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Having been in the retail grocery business for 11 years, I have seen many of the lower class people in society, and I think that has caused me to lose sympathy for them for several reasons.
First of all, when you are exploiting a system that is funded by my tax dollars, and showing no responsibility whatsoever, I do not feel sorry for you. I think food stamps were a great idea, because it prohibits people from buying alcohol, tobacco and non-food items. However, it doesn't make much sense that you can buy Pepsi, Doritos, and 2 tons of candy; but not a bar of soap or toothpaste.
Also, I have seen many people who are driving cadillacs, wearing all kinds of jewelry, and talking on their i-phone pay with food stamps. No job, but they are probably living better than me.
There's so much more that pisses me off, but now that I think about it I don't even feel like typing it out. I think you get my point though. I'm an insensitive bastard I guess.

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post #5 of 7 (permalink) Old 04-03-2008, 06:54 AM Thread Starter
 
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Its true that poverty cannot be completely eliminated. However there are relativly few people whom belong to that category. In my expirience, those are the mentally handicapped, and the elderly (if you are broke when you reach your 60's, there isnt much opportunity anymore). Perhaps some single mothers belong to that category as well, However I think we can all agree that there are a great many people in the ranks of poverty who can get out of it, but dont. So by definition, "its their own damn fault" as a friend of mine likes to put it.
But I am not looking at this from the point of view of sympathy. Its not that I feel sorry for those people, I dont. Its that I think society as a whole would be better off if they were productive members of the middle class, and by extention I would be better off as well if there were fewer poor people around. Yeah, I'm selfish like that.
When you are in the poverty ranks, the idea of wealth creation seems downright alien. You take no steps towards it, because it is not a path that is "allowed" to you. Few try, the concern is just "getting by", which becomes a self fullfilling prophecy. In that, I agree with the article. However, dumping a great deal of money on a person in that situation may not be a very good solution. Sure they dont have to worry about "getting by" anymore, but what incentive do they have to get out of this situation and put the free lunch behind? Perhaps a social stigma could do the trick, but in this country people get waay to outrages about social stigmas. If our society was rich enough to pay each and every person, rich or poor, a minimum "get by" allowance, maybe thing would be slightly different, but again, its a pipe dream.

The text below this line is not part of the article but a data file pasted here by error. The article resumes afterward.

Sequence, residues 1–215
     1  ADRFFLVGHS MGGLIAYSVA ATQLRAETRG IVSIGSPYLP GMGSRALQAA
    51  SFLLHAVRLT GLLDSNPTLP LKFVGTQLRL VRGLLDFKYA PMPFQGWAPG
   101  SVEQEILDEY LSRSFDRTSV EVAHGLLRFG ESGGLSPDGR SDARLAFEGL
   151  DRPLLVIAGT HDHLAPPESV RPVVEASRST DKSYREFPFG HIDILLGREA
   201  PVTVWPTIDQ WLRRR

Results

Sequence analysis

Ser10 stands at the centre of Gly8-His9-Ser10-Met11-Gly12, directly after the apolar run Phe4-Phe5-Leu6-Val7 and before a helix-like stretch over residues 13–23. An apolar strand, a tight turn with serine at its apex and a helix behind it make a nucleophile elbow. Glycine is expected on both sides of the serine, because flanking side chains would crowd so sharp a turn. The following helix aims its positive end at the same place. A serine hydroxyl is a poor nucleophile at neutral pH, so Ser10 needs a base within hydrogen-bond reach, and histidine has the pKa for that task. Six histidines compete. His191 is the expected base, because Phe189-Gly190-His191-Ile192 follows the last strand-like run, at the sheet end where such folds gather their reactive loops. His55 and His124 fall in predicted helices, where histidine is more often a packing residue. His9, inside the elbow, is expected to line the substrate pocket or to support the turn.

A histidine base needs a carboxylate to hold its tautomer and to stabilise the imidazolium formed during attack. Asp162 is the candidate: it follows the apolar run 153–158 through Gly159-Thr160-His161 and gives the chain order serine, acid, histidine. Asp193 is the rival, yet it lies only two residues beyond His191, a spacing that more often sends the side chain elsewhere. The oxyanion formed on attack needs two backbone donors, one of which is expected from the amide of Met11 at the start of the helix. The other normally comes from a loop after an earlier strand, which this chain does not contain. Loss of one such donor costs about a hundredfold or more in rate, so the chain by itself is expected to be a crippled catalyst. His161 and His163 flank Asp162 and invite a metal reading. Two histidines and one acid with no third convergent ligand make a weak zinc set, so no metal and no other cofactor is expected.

In my expirience, the biggest motivator to get out of poverty is pride. There is something to be said for carrying your own weight, yada yada. But how do you turn pride into policy?



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post #6 of 7 (permalink) Old 04-03-2008, 06:59 AM
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Quote:
Originally Posted by Vash View Post
http://www.boston.com/bostonglobe/id...rty/?page=full

The guy certainly seems to make some valid points, but I disagree with his conclusions. I think the solution would be more along the lines of teaching people about wealth creation (as oppose to just teaching people to be consumers) starting from very early age (elementary school), and hammering that point in during the entire education process, and even then we would have to wait a generation to see the effects.